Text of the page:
SYLVIE DOUGLIS, BYLINE: NPR.
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STACEY VANEK SMITH, HOST:
It is that time again, that very special time that only comes eight times a year - the Beige Book.
SARAH GONZALEZ, HOST:
The Beige Book is a report published by the Federal Reserve Bank of the United States. Each of the 12 Fed banks around the country contribute a chapter.
VANEK SMITH: And around here, we love the Beige Book. It is an economic report. But instead of numbers, the Beige Book relies on stories, anecdotes.
GONZALEZ: So economists that Federal Reserve banks all across the country - the Dallas Fed, the San Francisco Fed, the Boston Fed - they start calling local businesses and companies and asking them, what's up? How are things in your sector of the economy? And each of those reports from each of those banks becomes a chapter in the Beige Book.
VANEK SMITH: And here THE INDICATOR, we have a special place in our hearts for the Beige Book. And when it comes out, we like to find a particular anecdote or a fact that one of the Federal Reserve banks found that we think rises above the rest and present that bank with an award.
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GONZALEZ: Welcome to the Beigie Awards, brought to you by THE INDICATOR FROM PLANET MONEY. I'm your co-host today, Sarah Gonzalez.
VANEK SMITH: And I'm Stacey Vanek Smith. And today, Sarah, we have a very special Beigey Award - a first.
GONZALEZ: Right after the break, we present the first ever Beigie achievement award for a bank that went above and beyond and is helping to make an even better Beige.
VANEK SMITH: Imagine it.
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GONZALEZ: Welcome back to a very special edition of the Beigie Awards. Stacey, the Beigie, they are always such an exciting time. But this award, this one in particular, is extra special.
VANEK SMITH: It really is. So to explain, each entry of the Beige Book from each Federal Reserve Bank is broken down into different sections that examine different parts of the economy, like agriculture, retail, manufacturing.
GONZALEZ: These sections don't really change much. But now one bank is doing something different.
VANEK SMITH: Yes. And this Beigie award goes to the Federal Reserve Bank that added two brand-new sections to their Beige Book entry, sections that we believe will help contribute to our understanding of the economy for generations to come.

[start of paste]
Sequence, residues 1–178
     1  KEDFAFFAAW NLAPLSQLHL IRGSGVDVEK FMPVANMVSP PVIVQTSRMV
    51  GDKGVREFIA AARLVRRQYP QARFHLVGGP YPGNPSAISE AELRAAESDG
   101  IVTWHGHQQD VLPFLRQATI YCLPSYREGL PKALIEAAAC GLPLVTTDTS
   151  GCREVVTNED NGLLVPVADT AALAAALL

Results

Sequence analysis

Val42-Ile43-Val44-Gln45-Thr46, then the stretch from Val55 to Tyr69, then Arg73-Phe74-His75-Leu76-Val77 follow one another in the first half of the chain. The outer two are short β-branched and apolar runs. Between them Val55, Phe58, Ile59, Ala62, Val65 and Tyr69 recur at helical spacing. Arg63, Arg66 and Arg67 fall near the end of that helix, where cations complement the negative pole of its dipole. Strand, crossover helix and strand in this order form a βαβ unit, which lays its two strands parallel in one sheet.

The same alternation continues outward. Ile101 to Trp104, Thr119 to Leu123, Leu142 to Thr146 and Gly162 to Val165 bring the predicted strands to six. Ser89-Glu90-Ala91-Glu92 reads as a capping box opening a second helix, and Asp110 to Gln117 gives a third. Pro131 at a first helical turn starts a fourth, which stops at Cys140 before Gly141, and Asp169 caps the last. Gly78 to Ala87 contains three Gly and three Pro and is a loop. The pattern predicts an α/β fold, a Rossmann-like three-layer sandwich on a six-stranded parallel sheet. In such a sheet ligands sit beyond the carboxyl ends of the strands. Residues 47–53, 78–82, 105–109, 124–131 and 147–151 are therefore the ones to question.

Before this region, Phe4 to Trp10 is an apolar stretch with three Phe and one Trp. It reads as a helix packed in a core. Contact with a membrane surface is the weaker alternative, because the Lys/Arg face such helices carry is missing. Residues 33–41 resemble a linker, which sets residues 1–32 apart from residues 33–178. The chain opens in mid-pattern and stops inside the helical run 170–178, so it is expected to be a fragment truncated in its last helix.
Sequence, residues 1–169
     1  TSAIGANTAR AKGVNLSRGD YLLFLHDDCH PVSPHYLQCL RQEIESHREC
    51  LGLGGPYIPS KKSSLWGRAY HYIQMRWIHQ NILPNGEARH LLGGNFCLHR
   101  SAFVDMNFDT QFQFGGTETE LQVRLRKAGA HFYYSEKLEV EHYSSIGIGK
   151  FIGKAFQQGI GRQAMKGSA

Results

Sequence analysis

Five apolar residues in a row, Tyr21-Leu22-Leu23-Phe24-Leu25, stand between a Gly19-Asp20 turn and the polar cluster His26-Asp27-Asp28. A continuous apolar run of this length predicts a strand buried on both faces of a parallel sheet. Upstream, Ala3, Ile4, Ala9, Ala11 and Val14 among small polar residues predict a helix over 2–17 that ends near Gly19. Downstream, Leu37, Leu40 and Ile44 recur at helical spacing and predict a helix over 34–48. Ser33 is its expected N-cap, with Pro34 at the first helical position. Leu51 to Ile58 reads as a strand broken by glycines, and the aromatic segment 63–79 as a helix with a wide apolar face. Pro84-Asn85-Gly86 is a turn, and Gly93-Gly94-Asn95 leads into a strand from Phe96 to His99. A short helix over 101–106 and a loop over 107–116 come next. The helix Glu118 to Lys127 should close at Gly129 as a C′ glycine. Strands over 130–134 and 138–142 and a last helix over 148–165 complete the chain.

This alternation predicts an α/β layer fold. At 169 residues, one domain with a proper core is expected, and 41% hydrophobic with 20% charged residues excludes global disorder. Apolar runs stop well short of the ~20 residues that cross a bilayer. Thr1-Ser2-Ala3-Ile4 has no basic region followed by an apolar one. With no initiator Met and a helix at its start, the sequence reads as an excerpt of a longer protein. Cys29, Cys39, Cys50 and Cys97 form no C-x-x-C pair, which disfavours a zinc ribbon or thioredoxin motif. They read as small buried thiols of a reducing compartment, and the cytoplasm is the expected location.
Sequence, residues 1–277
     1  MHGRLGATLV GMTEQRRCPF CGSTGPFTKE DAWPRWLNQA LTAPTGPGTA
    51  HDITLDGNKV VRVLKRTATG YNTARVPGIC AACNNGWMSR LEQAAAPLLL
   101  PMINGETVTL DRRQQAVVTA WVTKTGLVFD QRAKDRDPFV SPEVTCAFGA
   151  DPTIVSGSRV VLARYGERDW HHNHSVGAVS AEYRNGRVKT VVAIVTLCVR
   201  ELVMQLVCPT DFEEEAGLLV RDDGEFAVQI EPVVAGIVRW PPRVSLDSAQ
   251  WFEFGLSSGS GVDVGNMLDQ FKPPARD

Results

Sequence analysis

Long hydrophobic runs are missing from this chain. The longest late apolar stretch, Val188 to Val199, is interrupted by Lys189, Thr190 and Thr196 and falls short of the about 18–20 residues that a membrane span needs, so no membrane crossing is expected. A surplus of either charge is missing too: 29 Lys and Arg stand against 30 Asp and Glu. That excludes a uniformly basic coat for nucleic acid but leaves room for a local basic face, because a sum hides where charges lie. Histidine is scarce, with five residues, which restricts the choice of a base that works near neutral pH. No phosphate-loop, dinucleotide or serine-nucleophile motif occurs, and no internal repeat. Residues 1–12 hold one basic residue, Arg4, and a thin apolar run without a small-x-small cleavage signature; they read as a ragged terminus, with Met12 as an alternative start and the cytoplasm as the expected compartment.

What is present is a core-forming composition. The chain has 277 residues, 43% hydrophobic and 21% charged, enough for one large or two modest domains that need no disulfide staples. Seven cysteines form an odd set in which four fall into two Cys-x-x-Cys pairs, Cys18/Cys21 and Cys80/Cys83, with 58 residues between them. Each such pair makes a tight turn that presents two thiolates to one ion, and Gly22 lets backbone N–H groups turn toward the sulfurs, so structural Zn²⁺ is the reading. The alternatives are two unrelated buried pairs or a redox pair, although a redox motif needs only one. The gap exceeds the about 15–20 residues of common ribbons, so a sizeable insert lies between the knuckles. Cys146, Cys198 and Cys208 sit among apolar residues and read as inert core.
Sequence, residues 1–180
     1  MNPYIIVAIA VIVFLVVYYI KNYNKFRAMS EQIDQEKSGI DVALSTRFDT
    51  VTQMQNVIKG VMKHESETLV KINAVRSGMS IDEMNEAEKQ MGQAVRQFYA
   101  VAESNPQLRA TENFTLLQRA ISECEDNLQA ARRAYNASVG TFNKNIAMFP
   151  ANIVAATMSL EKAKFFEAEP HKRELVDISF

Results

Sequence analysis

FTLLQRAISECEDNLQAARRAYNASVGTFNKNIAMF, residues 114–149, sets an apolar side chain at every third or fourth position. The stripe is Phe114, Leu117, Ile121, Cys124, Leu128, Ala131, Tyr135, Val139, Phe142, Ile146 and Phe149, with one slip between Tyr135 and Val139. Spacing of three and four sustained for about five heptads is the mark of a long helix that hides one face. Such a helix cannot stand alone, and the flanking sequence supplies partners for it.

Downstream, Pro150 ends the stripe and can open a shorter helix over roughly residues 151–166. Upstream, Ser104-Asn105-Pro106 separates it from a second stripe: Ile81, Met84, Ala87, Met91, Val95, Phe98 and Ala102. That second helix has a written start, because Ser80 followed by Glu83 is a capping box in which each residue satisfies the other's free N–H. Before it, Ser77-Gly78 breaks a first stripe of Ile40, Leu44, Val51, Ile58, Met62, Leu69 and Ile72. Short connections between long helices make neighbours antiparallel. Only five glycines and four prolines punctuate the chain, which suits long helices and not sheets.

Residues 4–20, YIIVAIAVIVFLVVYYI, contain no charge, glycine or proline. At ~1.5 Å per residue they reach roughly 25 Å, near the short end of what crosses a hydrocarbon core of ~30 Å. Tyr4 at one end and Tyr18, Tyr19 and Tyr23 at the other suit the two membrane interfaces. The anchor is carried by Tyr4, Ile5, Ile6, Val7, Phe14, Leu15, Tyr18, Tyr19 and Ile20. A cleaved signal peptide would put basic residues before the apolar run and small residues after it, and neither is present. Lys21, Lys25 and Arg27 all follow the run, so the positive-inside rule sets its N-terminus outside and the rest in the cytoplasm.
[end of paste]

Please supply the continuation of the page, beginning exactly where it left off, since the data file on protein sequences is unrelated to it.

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GONZALEZ: And the Beigie goes to - rips envelope, rips envelope. That is a real envelope being ripped right in front of our audience.
VANEK SMITH: From paper.
GONZALEZ: It goes to (laughter) the Federal Reserve Bank of Minneapolis.
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VANEK SMITH: Congratulations, Minneapolis Fed. They made two big additions to their Beige Book entry, and the first is the addition - this is so exciting - of a section called Worker Experience, where economists talk to individual workers to hear what they're going through rather than just talking to businesses.
GONZALEZ: And the second is an addition of a section called Minority and Women-Owned Business Enterprise, where they reach out to minority and female business owners to ask them what their experiences have been.
VANEK SMITH: Joe Mahon is an economist and regional outreach director at the Federal Reserve Bank of Minneapolis, and I called him to tell him the good news.
Well, here at THE INDICATOR, we have this award called the Beigies, where we award our favorite entry in the Beige Book.
JOE MAHON: Mmm hmm.
VANEK SMITH: It might shock you to learn this, Sarah, but sometimes people that we award a Beigie to have not actually heard of the award.
GONZALEZ: That is so shocking. It's such an important award.
VANEK SMITH: I know. I know. It also creates a little bit of an awkward situation where I have to explain what the Beigie is while simultaneously awarding it. And, you know, usually I can just own it. I just own the situation. But this time, I did not own it.
We wanted to, like, award a different kind - I don't know, like, a new kind of Beigie, I guess, sort of...